Pindaric ode


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Related to Pindaric ode: Horatian ode
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Synonyms for Pindaric ode

an ode form used by Pindar

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References in periodicals archive ?
Using the ancient Greek form of the Pindaric ode, Gray bases his definition of a British national poet in the established authority of classical literature.
As such, it is the product of an inspired poet who articulates a rhapsody in terms that eighteenth-century critics such as Thomson's acquaintance John Dennis used to define the Pindaric ode.
The Pindaric Ode was increasingly regarded as the most poetic of poetic forms in that its metrical structure obeyed the emotional logic of the speaker, not the demands of a fixed form.
In creating an elegy on the death of Anne Killegrew, the daughter of a friend, Dryden used the form of the Pindaric ode as it had been introduced into English by Abraham Cowley.
1) The Pindaric ode was first composed in ancient Greece by Pindar and other poets for choral recitation, written in units of three stanzas each, called respectively the strophe, antistrophe, and epode.
What the irregular English Ode lost by not observing the triadic stanzaic structure of the Pindaric ode is made up for by the force of each transition which enhances the scope of the argument by incorporating all previous reverberations of the poem into the next section.
In Chapter 6 she reveals how Pindaric ode and voice deeply inform 'Lycidas', including Milton's use of such devices as dramatic speech, digression, and abrupt interruptions.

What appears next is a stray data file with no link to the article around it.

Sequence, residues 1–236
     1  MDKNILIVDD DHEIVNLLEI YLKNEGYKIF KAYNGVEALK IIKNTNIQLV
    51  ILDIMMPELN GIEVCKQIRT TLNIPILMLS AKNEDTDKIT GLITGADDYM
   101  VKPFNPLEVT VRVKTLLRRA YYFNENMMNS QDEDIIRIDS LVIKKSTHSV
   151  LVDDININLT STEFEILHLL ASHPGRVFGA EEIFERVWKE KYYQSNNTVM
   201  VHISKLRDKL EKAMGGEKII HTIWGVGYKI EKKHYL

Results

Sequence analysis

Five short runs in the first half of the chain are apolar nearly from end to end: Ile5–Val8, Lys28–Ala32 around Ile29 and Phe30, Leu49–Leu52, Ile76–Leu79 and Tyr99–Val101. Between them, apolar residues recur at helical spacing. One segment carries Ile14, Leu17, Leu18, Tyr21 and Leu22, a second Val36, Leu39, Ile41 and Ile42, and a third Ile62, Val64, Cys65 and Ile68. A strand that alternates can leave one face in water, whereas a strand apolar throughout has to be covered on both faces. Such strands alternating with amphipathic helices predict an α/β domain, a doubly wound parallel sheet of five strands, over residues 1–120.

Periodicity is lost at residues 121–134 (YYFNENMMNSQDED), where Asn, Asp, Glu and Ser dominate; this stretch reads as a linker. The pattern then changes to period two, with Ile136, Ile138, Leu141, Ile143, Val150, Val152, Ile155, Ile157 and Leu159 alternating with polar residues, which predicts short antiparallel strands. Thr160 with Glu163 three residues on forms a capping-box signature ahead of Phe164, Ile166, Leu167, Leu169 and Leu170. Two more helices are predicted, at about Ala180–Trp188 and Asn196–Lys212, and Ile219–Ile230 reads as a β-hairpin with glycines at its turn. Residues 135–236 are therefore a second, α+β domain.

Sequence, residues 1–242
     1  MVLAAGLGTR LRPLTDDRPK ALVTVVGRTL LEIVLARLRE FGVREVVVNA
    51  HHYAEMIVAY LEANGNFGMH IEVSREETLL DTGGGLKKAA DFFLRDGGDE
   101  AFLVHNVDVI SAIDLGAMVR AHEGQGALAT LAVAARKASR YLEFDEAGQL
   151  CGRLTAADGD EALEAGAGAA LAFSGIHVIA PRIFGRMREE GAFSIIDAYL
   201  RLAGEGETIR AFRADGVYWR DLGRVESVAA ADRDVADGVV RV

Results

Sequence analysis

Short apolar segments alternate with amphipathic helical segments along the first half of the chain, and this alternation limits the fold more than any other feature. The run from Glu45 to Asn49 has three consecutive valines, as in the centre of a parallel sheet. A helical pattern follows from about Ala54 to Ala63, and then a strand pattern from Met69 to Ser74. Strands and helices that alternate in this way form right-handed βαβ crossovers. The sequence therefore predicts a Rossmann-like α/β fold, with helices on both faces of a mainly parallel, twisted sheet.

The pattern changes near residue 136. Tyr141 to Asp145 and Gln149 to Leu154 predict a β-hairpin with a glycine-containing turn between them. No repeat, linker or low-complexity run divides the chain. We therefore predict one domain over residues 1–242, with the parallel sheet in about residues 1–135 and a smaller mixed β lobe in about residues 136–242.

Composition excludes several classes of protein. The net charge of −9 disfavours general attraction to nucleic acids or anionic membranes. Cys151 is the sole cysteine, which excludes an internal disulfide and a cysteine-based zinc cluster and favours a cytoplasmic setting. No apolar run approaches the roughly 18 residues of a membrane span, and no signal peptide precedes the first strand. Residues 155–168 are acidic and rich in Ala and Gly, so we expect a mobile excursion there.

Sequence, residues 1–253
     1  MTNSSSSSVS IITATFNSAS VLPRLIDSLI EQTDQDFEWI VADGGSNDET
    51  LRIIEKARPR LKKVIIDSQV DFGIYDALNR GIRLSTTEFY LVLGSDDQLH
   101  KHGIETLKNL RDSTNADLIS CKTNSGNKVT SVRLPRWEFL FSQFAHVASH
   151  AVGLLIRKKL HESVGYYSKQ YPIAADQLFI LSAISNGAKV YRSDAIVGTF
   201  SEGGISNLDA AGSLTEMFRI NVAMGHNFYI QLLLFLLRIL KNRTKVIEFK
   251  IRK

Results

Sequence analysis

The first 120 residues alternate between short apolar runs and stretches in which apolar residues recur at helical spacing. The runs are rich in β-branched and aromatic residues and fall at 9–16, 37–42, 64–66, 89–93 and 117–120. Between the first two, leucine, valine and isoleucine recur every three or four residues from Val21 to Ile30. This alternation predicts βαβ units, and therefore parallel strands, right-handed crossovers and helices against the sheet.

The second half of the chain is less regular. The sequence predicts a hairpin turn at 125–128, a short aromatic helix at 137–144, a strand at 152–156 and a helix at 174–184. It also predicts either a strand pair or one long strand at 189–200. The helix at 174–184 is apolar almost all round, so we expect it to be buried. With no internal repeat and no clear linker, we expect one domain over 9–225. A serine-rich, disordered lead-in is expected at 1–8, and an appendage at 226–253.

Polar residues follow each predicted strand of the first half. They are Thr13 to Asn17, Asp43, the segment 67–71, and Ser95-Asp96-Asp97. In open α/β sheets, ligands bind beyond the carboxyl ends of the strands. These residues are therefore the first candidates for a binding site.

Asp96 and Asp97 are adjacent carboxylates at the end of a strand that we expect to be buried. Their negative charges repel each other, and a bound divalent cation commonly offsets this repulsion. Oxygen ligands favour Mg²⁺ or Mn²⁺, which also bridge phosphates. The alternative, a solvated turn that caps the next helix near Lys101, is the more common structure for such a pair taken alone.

Franklin draws attention to the curious insistence of critics (including, most recently, McGann) to describe these original Hymns, loosely based on the eighteenth century's understanding of the Pindaric Ode, as 'celebrated translations from the Sanskrit'.
The 11-stanza poem is written in the style of the irregular Pindaric ode.
With the publication of Pierre de Ronsard's four books of French Odes (1550), the Pindaric ode began to be adapted to the vernacular languages.
The term strophe is often used interchangeably with stanza, although strophe is sometimes used specifically to refer to a unit of a poem that does not have a regular meter and rhyme pattern or to a unit of a Pindaric ode.
The term is sometimes used as a synonym for stanza, usually in reference to a Pindaric ode or to a poem that does not have a regular meter and rhyme pattern, such as free verse.
The standard reading of Gray's canon typically disassociates his Pindaric odes from his other meditative poems, including "Eton College.